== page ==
Thus Women’s education is a very important issue. Women who are educated can make profound choices in the matter of health, nutrition and basic upbringing of a child. There is great impact on infant mortality health, fertility, productivity and a child’s academic performance if women are educated.
On 8th March 2004 Laura Bush (the first lady at that time) said on the women’s day that when a women is denied education “you’ve denied half of the population the chance to succeed and the chance to contribute to a society and to a culture.” she also said that ” Women are more likely to be able to make informed choice so that their children don’t suffer from malnutrition or other diseases and ensure that their children can receive best health care.”
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In Every culture, the responsibility of the upbringing and nourishing of a child lies in the hands of the mother. Due to this responsibility the women’s education has gained quite an importance globally. Studies reveal that women’s education has strong implications on every aspect of a child’s upbringing and one of them is the child’s academic performance. Children of educated mothers are seen to have better academic performance as compared to children of less or uneducated mothers. (Tahir Andrabi, Jishnu Das, Asim Ijaz Khwaja: March 2009)
Educated mothers can help their children throughout their life, but most importantly they can help their children in their early days of education. They try to indulge their children in more productive educational activities apart from what they study at school. This enhances the child’s educational capabilities and helps them achieve success. According to a study an additional year of post compulsory schooling of a mother has a positive impact on their child’s academic performance i.e. “mothers who stay in full time education beyond the minimum school leaving age are more likely to demonstrate positive educational attitudes and behaviours such as reading to their children”. (Leon Feinstein and Ricardo Sabates: January 2008)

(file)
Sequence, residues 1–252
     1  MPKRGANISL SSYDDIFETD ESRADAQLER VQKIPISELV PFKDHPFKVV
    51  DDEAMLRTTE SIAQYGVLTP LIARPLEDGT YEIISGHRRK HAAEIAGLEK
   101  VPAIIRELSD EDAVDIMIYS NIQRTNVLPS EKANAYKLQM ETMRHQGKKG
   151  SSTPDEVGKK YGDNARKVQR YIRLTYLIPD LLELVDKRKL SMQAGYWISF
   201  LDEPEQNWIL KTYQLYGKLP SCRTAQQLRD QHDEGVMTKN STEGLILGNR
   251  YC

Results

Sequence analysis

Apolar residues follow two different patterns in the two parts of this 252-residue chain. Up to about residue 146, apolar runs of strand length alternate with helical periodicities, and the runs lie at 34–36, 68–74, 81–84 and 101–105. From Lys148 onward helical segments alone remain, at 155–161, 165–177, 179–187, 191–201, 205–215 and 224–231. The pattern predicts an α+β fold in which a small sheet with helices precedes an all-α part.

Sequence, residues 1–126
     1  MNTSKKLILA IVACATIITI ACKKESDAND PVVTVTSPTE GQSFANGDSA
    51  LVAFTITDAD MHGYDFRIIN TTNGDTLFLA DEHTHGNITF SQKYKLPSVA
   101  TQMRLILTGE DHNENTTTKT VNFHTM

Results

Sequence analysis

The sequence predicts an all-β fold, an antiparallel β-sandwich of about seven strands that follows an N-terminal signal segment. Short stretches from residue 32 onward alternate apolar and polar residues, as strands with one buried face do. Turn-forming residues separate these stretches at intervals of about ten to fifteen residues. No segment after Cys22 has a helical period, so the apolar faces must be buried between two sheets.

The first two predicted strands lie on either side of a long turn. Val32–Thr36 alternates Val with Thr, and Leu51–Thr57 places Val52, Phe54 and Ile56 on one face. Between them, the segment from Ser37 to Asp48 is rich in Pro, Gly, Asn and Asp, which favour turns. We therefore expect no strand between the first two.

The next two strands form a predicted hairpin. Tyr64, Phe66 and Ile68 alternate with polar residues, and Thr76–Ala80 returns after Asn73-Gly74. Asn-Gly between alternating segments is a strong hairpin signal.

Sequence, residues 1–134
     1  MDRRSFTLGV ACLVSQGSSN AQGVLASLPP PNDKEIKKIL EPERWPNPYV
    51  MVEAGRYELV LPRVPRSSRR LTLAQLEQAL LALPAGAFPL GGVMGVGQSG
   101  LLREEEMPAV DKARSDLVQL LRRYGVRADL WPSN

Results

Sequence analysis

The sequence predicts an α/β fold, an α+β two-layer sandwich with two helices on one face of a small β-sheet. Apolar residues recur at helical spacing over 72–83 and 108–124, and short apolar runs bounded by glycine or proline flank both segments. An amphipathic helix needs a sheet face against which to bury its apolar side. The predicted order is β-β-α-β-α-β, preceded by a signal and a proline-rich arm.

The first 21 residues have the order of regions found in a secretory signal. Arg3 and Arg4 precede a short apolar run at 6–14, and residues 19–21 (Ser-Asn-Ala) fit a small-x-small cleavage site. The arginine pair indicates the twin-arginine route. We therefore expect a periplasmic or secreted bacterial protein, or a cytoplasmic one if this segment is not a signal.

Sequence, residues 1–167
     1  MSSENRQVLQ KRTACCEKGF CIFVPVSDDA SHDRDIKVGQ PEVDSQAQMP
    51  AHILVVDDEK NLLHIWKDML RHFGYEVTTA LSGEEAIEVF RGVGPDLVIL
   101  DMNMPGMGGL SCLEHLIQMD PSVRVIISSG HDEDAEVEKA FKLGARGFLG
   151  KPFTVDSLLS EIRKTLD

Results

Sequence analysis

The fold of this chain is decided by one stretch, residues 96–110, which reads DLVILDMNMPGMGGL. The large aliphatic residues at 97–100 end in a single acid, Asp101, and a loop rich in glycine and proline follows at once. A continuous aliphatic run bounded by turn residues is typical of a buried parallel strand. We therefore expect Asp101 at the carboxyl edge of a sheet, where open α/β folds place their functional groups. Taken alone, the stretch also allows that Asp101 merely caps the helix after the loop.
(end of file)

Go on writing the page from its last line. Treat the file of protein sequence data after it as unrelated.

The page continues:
“Higher education is consistently associated with a higher likelihood of marriage, whereas less education is associated with a higher likelihood of divorce” (Jennifer March Augustine, 2010). Thus educated mothers tend to have more stable relationships and family status. This in turn affects their children’s academic performance. Children have a healthy environment to live in and thus can concentrate more on their studies and perform well. The flow of resources such as time, money and socio-emotional support etc from the mother to children is affected by this relationship status. (Jennifer March Augustine, 2010).
Marital and fertility patterns have been seen to change over the last few decades. Women who are more educated (college graduates) have been the least likely to get married and have children historically. Today however, the situation is changing and this marriage gap is eroding
The returns to marriage have changed. College educated women marry later, do not view marriage as a “financial security”, have fewer children and declining divorce rates since 1970’s as compared to women without college degrees. These factors help women to have a better and a healthier family life which in turn helps them in their Childs upbringing. The children of more educated women thus can focus more on their studies as they have a healthier environment to study in and so they perform well (Adam Isen Feb. 2010). A Mothers education influences a child mostly during the child’s early years of education (primary education). Educated mothers make their children spend more time in outdoor activities, reading etc and are concerned about their child’s progress at school and have expectations of the child’s future educational achievements .This encourages the child to focus more on his studies and enhances his capabilities. (Leon Feinstein and Ricardo Sabates: January 2008).
Moreover there are substantial intergenerational returns to education. An additional year of a mother’s schooling makes a positive contribution to the Childs academic performance. It increases the Childs performance on a math test with a standard deviation of 0.1 and minimizes the occurrence of behavioural problems especially for children aged 7-8.There are various channels that pass on the effect of a mother’s education to her child, including parental investments throughout different stages of a Childs life and family environment. Educated women tend to have a healthier home environment with better and more stable family lives which then contribute to their Childs educational excellence. Maternal education also reduces grade repetition and the incidence of behavioural problems. Educated mothers basically avoid early childbearing, are more likely to be married to educated men and tend to have higher incomes. Thus they can contribute in several ways to their Childs education for example through books, involving them in extracurricular activities or buying them a computer. This additional investment pays off in the form of improved child performance in all academic aspects of his life. Even if educated mothers work more they do not neglect their children as they are aware of the negative consequences of doing so (Pedro Carneiro, Sep 2007).
Also educated mothers tend to spend more time with their children and their children tend to spend more time studying outside school thus there is a strong impact of maternal education on their child’s test scores.( Tahir Andrabi, Jishnu Das and Asim Ijaz Khwaja, March 2009).